From the Guardian
The city’s festival is vast, exuberant and intoxicating – and a giddy opportunity for price gouging that almost every business in town takes advantage of. It is the perfect capitalist model: the owners of assets such as hotels and restaurants skim off large profits, while the people who make those profits possible – the performers sweating in the city’s aircon-dodging venues – walk away penniless.(1)
Take the Ibis, a budget hotel, in the city centre. It makes no bones about its “dynamic” pricing model, with a digital screen facing the street showing the latest shocking room price updates. Last week it was like the Shanghai stockmarket, just with soaring prices rather than collapsing ones. I don’t recall the exact figure, but on the Saturday it was asking above £230. This for a hotel that charges £35 a night for advance bookings at other times of the year.(2)
Not far from the Ibis, I was lucky to get a seat for one of the triumphs of this year’s festival, a theatre production called 1972: The Future of Sex. It’s the third time Wardrobe Ensemble has played at Edinburgh, and even after great reviews and sold-out performances, it will barely cover its costs.(3) One of the group’s actors, Ben Vardy, told me: “We broke even in our first year, and made a small loss in our second. We will turn a small profit this year because it has been very, very successful. But when I say profit, I mean under £100 each.”(4)
The business model for the creative industries is broken. For every performer at Edinburgh working for nothing, read musician on Spotify or writer on the net.(5) Providers of content make peanuts, while the controllers of the infrastructure, such as Google, walk away with extraordinary profits.(6)
It was ever thus, some might argue, although the internet has allowed businesses to extract profits with a precision previously not possible. How can we transfer some of the wealth grabbed by, say, hotels in Edinburgh and hand it to the people who generated it? A city-wide tax on hotels and restaurants during the festival, the money redistributed to performers? Utopian, probably, and in any case illegal under our tax regime.(7)
(1) Well, yes, if you can run a business where you make money as a result of people who are prepared to work for nothing, that is.
(2) What else is it going to do? Hotels across the country vary their prices based on demand. London is cheap at weekends, the Cotswolds cheap on weekdays, coastal places rise in summer.
(3) Maybe if you're selling every ticket, you need to consider raising your prices?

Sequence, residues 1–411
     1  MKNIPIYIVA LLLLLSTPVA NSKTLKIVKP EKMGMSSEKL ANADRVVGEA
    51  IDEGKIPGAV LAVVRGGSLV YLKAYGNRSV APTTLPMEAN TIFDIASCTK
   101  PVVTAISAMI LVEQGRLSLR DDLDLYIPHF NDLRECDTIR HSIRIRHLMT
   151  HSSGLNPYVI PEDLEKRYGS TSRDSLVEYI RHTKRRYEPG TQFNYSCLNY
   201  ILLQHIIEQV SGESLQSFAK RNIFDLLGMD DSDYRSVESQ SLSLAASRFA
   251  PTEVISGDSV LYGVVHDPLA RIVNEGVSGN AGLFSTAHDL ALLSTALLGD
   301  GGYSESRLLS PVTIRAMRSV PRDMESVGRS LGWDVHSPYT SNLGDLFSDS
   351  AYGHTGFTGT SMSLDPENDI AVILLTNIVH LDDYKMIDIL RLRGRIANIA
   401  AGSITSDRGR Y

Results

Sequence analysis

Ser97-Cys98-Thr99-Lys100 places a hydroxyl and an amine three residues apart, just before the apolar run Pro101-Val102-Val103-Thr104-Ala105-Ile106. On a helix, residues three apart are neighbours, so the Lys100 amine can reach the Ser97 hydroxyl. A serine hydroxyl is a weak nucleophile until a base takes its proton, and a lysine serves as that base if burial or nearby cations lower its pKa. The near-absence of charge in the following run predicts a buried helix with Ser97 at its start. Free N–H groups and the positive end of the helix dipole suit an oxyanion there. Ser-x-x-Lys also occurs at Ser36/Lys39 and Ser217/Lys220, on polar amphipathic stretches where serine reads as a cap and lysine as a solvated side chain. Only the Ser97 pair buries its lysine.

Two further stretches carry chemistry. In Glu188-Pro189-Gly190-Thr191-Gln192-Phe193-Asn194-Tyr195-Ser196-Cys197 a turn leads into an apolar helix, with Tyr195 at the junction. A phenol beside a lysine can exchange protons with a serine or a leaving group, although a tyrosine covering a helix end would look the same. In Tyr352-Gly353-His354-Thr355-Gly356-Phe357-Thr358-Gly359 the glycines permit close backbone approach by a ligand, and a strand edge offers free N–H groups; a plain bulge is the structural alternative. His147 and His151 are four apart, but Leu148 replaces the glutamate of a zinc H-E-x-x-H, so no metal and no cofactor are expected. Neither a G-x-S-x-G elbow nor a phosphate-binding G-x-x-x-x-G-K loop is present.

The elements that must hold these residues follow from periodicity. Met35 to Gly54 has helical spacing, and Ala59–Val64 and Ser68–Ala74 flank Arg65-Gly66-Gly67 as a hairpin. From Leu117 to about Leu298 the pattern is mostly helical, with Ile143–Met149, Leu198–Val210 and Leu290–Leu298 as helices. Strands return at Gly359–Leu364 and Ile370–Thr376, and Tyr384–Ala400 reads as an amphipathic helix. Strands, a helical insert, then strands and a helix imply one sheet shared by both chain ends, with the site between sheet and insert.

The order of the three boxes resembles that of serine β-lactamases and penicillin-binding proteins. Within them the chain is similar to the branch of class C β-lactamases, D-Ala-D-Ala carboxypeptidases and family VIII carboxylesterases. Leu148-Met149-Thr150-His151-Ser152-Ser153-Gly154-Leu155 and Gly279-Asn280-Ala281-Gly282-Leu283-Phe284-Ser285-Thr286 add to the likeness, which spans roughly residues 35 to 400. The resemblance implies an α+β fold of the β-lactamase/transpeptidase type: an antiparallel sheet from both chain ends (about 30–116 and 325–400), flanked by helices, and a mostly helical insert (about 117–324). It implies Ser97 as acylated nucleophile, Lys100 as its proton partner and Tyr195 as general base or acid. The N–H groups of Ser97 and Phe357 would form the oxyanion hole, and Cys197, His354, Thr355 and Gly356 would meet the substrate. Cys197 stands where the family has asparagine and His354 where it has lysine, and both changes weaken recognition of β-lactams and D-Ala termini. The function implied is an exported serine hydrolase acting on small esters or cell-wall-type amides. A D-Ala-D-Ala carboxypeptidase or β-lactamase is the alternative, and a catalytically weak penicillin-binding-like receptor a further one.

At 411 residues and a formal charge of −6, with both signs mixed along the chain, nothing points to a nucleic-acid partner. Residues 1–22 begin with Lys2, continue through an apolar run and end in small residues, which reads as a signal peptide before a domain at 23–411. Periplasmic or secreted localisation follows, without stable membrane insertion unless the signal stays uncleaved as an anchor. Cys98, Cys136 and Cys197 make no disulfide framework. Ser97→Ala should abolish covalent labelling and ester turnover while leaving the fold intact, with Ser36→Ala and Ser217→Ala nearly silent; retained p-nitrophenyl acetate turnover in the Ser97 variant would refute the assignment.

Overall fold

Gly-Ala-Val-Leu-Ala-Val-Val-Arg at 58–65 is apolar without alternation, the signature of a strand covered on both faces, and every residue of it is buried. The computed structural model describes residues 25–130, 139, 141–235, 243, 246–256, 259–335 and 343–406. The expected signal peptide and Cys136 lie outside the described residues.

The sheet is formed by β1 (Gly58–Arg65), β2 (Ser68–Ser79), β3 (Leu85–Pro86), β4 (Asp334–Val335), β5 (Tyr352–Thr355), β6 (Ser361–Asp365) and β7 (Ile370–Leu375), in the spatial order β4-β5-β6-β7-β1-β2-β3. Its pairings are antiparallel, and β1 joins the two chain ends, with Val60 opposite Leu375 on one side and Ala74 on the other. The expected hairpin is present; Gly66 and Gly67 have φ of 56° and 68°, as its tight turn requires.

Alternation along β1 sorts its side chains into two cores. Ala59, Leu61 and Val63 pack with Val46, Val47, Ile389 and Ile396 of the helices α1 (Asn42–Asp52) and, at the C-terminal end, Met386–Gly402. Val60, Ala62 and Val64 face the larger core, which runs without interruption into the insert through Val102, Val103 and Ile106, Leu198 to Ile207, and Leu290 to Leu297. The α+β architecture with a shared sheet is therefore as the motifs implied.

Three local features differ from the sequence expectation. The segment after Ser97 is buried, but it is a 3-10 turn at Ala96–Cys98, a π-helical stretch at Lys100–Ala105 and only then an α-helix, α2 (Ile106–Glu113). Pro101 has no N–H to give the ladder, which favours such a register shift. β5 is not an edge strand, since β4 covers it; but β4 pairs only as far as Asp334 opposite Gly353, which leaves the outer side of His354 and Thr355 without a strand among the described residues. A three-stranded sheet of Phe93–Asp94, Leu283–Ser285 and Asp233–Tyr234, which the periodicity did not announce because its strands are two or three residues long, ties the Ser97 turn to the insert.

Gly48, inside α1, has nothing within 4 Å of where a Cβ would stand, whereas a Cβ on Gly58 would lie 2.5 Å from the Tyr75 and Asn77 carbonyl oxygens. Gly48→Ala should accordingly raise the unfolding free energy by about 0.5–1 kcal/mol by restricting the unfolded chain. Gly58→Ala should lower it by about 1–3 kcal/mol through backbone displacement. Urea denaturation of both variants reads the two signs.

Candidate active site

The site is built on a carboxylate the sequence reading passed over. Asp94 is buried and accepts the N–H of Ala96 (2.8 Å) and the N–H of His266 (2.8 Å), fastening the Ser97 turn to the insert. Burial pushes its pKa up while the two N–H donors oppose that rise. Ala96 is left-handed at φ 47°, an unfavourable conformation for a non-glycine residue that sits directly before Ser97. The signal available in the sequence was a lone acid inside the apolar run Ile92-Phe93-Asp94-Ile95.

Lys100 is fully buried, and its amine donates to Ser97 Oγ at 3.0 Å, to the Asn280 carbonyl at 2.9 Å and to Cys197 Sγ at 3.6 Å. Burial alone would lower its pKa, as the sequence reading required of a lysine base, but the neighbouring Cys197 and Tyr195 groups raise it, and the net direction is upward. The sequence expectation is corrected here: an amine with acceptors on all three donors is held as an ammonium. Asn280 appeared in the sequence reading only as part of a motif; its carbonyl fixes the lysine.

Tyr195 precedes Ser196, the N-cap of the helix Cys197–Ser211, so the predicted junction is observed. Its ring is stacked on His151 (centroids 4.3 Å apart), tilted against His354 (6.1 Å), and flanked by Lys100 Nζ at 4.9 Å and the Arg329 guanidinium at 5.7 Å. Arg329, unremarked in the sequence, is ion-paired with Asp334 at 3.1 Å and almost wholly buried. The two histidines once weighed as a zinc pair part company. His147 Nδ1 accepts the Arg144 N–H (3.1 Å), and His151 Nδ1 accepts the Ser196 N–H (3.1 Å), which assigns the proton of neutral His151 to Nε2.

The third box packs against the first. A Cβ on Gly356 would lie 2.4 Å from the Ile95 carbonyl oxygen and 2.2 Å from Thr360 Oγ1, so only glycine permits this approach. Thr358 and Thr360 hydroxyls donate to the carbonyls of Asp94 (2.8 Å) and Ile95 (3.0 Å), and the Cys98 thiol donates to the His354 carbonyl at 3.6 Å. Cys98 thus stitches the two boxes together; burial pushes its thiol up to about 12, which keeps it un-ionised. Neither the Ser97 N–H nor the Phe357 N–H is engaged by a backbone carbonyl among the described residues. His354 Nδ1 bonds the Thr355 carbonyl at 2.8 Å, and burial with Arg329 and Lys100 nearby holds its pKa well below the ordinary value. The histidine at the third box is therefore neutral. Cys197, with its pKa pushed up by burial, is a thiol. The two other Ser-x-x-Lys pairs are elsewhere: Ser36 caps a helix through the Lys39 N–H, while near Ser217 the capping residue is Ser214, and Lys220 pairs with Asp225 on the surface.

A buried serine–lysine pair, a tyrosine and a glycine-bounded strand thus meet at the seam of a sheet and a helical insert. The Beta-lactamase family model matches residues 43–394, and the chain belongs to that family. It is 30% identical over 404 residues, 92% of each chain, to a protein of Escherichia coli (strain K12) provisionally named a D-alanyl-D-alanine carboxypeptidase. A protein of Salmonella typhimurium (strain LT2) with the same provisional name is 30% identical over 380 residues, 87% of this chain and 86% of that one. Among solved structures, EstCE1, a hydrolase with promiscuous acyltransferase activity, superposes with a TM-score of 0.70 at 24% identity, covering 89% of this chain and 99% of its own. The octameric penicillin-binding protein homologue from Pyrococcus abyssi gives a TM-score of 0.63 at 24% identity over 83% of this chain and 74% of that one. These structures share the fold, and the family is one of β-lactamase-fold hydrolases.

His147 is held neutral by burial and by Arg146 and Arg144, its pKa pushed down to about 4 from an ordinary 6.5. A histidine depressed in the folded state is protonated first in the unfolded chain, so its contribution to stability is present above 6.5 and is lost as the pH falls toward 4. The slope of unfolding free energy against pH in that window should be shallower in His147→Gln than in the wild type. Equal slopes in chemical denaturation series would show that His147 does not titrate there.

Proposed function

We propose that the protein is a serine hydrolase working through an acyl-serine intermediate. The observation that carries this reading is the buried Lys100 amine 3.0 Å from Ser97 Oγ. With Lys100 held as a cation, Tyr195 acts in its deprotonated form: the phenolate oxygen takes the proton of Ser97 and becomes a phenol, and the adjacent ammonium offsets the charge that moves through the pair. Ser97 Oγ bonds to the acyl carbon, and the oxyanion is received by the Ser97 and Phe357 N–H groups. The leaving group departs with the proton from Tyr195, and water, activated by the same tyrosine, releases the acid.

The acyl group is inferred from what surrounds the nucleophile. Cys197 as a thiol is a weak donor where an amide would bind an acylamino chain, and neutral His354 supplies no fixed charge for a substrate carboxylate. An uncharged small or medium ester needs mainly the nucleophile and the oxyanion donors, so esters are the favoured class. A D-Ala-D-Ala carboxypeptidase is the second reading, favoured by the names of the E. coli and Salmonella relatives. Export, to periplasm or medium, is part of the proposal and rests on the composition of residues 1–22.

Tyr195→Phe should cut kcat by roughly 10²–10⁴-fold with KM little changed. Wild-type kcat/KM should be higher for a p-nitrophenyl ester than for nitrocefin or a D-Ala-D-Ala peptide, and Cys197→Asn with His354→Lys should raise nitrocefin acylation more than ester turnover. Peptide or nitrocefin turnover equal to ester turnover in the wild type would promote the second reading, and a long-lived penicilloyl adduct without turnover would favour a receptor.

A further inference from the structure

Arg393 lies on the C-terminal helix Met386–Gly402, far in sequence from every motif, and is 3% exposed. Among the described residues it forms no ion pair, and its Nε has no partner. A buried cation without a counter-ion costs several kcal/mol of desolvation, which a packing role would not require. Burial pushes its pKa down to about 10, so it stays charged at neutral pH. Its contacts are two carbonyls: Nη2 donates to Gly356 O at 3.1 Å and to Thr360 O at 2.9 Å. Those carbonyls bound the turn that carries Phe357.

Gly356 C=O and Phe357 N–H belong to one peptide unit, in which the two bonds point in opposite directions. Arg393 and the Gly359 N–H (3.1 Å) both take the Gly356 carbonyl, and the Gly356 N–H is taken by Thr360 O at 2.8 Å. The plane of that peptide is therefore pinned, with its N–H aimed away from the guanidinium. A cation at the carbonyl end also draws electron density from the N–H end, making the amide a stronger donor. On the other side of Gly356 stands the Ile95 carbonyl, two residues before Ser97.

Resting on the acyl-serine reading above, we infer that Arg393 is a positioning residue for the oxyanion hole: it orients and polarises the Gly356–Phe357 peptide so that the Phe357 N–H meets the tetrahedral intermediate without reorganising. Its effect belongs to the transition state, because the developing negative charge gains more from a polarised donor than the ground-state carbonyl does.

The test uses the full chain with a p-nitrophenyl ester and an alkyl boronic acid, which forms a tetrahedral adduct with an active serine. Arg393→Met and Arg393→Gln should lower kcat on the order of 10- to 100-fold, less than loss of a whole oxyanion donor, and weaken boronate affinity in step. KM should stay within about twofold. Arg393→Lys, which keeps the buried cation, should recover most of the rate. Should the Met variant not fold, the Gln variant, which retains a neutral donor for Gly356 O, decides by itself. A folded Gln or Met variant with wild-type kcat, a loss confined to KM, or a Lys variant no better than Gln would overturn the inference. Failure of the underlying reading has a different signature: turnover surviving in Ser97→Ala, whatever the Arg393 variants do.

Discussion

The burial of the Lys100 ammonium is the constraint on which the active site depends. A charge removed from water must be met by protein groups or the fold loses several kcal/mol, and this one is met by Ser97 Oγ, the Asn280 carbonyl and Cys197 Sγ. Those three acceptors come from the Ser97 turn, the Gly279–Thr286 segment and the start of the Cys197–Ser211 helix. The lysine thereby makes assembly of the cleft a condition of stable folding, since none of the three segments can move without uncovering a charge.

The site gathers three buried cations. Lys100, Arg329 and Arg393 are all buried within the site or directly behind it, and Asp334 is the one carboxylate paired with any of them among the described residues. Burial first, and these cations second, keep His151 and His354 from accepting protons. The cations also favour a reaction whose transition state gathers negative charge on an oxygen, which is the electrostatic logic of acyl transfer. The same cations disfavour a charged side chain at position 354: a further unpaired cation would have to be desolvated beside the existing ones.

(4) So clearly, they recognise that it doesn't make much money, but keep on doing it. Maybe like lay preachers and people who sing in choirs, it's more about doing the thing for fun. Of course, the other thing in all of this is that these festivals are more about business than pleasure. You hold a festival, you can get various media people from the BBC or C4 to take a trip to the festival to see your show, maybe be impressed with your work and commission you to write something for them, for real money.
(5) The business model isn't broken, because Edinburgh has hundreds of shows being put on. Spotify has 200,000 songs uploaded every day. There's no shortage of people making stuff, which is all we want. And historically, going back to 1980s synth bands, 1930s dance hall bands or 19th century choir festivals, almost no-one made money. People mostly did their thing for pleasure and to perhaps make some beer money. The change today is that people are now doing this with making their music globally available and making a few quid from YouTube adverts. The people who are most upset about this aren't those people but the old gatekeepers of promoting artists in the old media, and the artists who had the big company backing. They really don't like that all these small artists can have access to distribution and sell product instead of them.
(6) Google? I thought this was about Spotify? What infrastructure do Google control? Not the internet, the world wide web, the fibre-optic cabling or any of the domain registration stuff that makes up the net. Google have mostly been rather unsuccessful with making money off artists. Their profits come from people searching for funny cat videos and getting served an ad.
(7) You don't even need anything this complicated - you just charge business rates to hotels that get a financial benefit, and charge the local people who get the benefit of art on their doorstep and spend that on the festival, which is what Edinburgh does already, to the tune of something like £4m per annum.
Monday, 31 August 2015
From the Guardian
My latest blogpost: Edinburgh Fringe FestivalTweet this! Posted by The Stigler at 08:30